Quote For the Day

"Games, then, are contrived and controlled situations, extensions of group awareness that permit a respite from customary patterns. They are a kind of talking to itself on the part of society as a whole. And talking to oneself is a recognized form of play that is indispensable to any growth of self-confidence. The British and Americans have enjoyed during recent times an enormous self-confidence born of the playful spirit of fun and games. When they sense the absence of this spirit in their rivals, it causes embarrassment. To take mere worldly things in dead earnest betokens a defect of awareness that is pitiable. From the first days of Christianity there grew a habit, in some quarters, of spiritual clowning, of "playing the fool in Christ," as St. Paul put it. Paul also associated this sense of spiritual confidence and Christianity play with the games and sport of his time. Play goes with an awareness of huge disproportion between the ostensible situation and the real stakes. A similar sense hovers over the game situation, as such. Since the game, like any art form, is a mere tangible model of another situation that is less accessible, there is always a tingling sense of oddity and fun in play or games that renders the very earnest and very serious person or society laughable. When the Victorian Englishmen began to lean toward the pole of seriousness, Oscar Wilde and Bernard Shaw and G. K. Chesterton moved in swiftly as countervailing force. Scholars have often pointed out that Plato conceived of play dedicated to the Deity, as the loftiest reach of man's religious impulse."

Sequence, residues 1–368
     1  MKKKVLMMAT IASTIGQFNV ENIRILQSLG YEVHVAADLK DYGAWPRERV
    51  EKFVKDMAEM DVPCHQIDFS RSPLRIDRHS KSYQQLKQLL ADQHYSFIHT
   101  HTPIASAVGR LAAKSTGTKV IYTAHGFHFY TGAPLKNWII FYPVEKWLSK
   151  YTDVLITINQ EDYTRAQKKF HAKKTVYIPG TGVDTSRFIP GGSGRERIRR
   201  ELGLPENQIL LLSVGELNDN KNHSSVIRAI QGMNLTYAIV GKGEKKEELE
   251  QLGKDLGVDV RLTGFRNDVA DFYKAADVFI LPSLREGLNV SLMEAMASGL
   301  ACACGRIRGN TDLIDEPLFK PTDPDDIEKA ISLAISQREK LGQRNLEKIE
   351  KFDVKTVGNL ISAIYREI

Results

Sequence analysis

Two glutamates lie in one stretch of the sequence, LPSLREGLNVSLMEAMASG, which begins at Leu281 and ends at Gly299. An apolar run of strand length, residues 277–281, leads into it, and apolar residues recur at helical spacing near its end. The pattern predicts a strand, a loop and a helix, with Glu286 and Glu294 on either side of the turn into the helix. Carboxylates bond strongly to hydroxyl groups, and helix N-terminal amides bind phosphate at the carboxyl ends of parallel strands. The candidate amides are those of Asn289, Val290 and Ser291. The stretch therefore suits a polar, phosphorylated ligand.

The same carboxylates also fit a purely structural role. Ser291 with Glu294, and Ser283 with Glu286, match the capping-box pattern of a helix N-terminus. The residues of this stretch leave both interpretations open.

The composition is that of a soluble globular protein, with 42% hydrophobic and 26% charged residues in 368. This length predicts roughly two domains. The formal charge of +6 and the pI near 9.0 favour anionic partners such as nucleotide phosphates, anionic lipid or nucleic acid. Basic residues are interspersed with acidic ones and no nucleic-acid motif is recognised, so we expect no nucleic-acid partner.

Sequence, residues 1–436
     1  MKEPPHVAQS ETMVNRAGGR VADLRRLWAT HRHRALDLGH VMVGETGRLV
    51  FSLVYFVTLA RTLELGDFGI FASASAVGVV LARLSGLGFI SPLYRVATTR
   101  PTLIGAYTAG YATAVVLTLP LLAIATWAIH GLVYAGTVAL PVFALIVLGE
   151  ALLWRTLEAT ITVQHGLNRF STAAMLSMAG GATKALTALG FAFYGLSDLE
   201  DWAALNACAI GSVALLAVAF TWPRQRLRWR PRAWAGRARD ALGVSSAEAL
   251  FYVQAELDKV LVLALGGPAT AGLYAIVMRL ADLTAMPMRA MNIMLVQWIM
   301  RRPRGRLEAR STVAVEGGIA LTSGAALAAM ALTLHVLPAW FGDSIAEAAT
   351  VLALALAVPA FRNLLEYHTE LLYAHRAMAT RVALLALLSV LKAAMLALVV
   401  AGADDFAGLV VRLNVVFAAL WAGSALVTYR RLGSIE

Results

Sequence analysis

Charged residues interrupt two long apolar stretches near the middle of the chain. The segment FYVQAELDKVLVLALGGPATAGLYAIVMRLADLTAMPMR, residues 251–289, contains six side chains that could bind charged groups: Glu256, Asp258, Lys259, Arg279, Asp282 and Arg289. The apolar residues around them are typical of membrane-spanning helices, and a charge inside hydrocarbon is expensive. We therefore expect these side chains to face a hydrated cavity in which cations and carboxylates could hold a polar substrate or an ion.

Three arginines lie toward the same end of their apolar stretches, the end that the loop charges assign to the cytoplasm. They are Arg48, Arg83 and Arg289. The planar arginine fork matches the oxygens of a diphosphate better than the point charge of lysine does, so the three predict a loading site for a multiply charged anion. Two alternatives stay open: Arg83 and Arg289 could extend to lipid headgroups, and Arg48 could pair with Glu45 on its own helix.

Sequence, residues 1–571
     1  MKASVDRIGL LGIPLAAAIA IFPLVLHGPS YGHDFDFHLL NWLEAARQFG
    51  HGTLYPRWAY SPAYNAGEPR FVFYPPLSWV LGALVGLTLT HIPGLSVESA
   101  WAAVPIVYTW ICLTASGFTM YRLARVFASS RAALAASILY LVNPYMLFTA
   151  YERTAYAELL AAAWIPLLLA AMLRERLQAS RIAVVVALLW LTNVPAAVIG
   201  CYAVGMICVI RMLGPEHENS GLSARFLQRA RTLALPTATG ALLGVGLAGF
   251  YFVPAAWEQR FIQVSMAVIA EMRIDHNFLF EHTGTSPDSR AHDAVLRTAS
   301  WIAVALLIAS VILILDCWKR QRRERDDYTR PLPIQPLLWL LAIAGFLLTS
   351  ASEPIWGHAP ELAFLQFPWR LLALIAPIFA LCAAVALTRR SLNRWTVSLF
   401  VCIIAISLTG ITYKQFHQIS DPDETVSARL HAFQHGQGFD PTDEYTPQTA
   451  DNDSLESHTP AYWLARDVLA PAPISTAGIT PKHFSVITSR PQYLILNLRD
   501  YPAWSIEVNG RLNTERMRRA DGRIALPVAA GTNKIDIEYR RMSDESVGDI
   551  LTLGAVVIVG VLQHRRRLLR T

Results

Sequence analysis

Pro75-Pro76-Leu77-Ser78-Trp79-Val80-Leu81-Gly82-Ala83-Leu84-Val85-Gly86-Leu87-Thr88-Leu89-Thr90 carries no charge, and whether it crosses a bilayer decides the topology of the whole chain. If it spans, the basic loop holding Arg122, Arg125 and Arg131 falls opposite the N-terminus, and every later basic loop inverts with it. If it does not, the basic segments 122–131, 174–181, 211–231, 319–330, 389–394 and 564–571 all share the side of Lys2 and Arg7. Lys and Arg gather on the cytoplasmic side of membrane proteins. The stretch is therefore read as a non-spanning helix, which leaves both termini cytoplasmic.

Marshall McLuhan, "Understanding Media" (1964)

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